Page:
by Theodore H. Moran, Peterson Institute for International Economics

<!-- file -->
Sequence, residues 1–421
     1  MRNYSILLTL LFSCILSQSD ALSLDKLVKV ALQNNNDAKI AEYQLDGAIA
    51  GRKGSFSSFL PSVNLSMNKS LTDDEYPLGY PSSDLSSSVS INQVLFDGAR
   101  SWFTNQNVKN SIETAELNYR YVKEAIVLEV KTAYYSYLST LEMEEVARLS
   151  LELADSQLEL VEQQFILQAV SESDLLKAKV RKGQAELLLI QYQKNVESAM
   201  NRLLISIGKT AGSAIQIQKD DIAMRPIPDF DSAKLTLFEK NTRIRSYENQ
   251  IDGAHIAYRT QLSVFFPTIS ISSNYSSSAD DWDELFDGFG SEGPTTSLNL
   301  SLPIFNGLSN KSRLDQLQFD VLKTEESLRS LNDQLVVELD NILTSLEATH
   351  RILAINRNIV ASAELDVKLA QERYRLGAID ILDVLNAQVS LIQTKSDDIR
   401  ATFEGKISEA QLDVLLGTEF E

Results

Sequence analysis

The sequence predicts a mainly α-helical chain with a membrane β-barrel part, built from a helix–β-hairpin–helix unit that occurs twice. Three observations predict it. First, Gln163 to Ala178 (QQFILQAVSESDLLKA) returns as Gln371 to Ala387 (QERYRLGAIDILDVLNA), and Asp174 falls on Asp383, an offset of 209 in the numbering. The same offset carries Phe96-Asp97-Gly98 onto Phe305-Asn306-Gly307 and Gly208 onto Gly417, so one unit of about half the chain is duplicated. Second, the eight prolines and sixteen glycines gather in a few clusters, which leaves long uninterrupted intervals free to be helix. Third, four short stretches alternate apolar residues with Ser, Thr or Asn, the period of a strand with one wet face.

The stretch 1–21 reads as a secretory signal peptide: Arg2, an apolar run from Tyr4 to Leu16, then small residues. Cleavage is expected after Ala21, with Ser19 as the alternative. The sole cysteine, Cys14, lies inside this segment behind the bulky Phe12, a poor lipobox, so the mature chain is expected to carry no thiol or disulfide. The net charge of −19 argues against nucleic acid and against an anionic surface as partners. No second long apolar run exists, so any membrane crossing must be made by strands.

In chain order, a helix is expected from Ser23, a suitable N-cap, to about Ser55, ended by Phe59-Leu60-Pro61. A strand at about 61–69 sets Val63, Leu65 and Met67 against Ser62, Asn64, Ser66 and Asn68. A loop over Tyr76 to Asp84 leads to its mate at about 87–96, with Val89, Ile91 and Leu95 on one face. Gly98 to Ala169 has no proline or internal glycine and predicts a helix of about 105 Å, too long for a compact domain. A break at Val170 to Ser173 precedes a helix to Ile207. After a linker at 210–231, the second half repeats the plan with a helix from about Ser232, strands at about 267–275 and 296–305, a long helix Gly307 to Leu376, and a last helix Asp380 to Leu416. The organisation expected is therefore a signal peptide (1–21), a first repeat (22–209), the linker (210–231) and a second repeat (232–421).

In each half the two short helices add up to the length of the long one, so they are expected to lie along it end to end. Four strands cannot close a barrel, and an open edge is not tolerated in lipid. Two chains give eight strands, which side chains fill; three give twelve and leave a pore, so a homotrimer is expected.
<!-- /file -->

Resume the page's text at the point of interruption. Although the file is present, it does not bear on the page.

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Theodore H. Moran cites recent instances of the US government intervening to block foreign producers of information technology (IT) from selling goods and services to US firms and argues that such actions based on the nationality of the foreign firm is ineffective, discriminatory, and unfair. The dangers and risks of compromise of US national security are real. But in a world where supply chains of IT companies of every nationality are thoroughly globalized, a better way to protect national security would be to establish a multilateral nondiscriminatory system to ensure the integrity of equipment, software, patches, and upgrades from all sources. Much remains to be done to establish an appropriate regime to protect national security and also the rights of investors and companies doing business with foreign firms. The goal should be to strike a balance between protecting national security without discouraging foreigners from investing in and doing business with US firms.
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